• Will softened water affect my lawn or garden?

    Utilizing soft water for outdoor lawns and gardens is not only wasteful, but in some cases it can also delay the growth of plants and grass. This is due to the sodium content in some types of treated water, which can negatively impact soil and plants in regions with limited rainfall. These areas are particularly vulnerable to this issue as rainwater is not enough to rinse away the build-up of sodium. For this reason, it’s advisable to consult us regarding a bypass option for your lawn and garden.

  • What impurities does a Reverse Osmosis System remove?

    Reverse osmosis uses a semi-permeable membrane that contains very tiny pores that allows water to flow through. These pores do not allow natural minerals, salts and other organic compounds whose molecule compounds are larger than water to pass through. Therefore, reverse osmosis (RO) is no doubt an effective way of removing many impurities from water, such as lead, asbestos, dissolved organics, radium and other deadly heavy metals. Reverse osmosis also removes heavyweight volatile organic compounds and chlorinated pesticides.

  • Do I have to drill a hole in my countertop for the RO faucet?

    Yes, we will need to drill a hole in your countertop to install a separate faucet.

    A great feature of an under-sink Reverse Osmosis water filtration system is that it comes with its own faucet. Your regular kitchen sink faucet can be used for washing dishes and cleaning while the separately installed RO faucet can be used for drinking water, cooking with purified water, and rinsing glasses clean.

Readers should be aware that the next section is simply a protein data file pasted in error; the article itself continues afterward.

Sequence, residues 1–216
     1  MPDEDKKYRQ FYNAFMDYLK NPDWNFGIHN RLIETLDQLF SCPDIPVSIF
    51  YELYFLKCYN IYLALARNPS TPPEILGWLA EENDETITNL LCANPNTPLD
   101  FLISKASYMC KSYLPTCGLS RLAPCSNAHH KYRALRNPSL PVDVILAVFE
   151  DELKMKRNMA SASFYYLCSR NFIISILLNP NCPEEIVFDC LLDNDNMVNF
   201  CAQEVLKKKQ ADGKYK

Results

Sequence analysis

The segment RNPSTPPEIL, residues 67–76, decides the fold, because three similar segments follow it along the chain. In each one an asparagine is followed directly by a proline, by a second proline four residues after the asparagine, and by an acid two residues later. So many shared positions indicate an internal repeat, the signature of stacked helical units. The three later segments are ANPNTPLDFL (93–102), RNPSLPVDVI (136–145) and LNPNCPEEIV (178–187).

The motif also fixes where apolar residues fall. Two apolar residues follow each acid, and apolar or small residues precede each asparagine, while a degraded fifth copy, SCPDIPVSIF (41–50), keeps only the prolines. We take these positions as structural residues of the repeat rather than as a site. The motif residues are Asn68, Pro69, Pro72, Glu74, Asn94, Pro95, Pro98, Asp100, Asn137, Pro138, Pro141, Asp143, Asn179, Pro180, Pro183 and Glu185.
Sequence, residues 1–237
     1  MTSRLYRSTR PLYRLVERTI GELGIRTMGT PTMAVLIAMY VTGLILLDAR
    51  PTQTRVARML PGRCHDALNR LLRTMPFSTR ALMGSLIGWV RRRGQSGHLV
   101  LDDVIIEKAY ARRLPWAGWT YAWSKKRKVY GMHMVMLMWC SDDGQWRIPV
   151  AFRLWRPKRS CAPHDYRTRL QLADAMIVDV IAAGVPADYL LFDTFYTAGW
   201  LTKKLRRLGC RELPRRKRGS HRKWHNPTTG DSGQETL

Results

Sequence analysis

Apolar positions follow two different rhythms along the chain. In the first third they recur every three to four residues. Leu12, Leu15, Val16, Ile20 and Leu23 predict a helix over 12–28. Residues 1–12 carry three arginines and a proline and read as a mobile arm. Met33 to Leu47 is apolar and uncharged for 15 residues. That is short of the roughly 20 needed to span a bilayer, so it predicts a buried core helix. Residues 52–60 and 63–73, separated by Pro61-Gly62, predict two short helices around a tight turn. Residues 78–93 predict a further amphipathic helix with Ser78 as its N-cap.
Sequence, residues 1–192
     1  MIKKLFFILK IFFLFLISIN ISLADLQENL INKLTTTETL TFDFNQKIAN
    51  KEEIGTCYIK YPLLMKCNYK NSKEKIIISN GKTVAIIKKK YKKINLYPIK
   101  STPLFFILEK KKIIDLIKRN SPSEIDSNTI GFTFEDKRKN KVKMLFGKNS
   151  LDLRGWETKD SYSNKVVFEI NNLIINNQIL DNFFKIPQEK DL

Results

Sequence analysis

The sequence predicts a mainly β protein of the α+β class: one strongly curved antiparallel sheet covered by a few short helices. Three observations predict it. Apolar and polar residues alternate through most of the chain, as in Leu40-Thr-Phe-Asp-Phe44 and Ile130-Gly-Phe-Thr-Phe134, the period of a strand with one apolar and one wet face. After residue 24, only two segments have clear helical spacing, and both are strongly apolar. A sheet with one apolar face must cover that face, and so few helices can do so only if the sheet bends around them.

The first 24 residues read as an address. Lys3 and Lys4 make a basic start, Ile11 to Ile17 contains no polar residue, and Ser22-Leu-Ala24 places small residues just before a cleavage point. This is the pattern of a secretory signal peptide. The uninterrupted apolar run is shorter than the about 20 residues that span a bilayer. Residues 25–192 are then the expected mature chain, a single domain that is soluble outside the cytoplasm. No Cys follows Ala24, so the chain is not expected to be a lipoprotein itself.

If the soap dispenser or spray hose holes are not in daily use, those can potentially be used for the RO faucet.

    The RO faucet requires a hole size on the sink (or countertop) that is at least 1/2 inch in diameter.



  • Where does a Reverse Osmosis System get installed?

    Reverse osmosis (RO) systems are installed in a home’s kitchen, typically under the sink.

  • How often do I need to change the filters for my Reverse Osmosis System?

    We recommend that the filter for each stage be changed once per year, except for the membrane, which only needs to be changed every 3-5 years, depending on the water quality.

  • What’s the difference between the whole home system and the drinking system?

    A Reverse Osmosis drinking water system treats the water you drink and cook with, while a Whole Home system treats the water you use for laundry, bathing and cleaning. A Whole Home system will protect you from absorbing chemicals while showering and will protect your home’s plumbing system and fixtures from scaling. The drinking water system is specifically designed for drinking water, cooking, making coffee and tea, ice, etc.

  • How long does it take to install?

    Typically takes 1-2 hours for drinking water systems and 3-4 hours for softeners, whole home and specialty filters.

  • Do I need to get my water tested?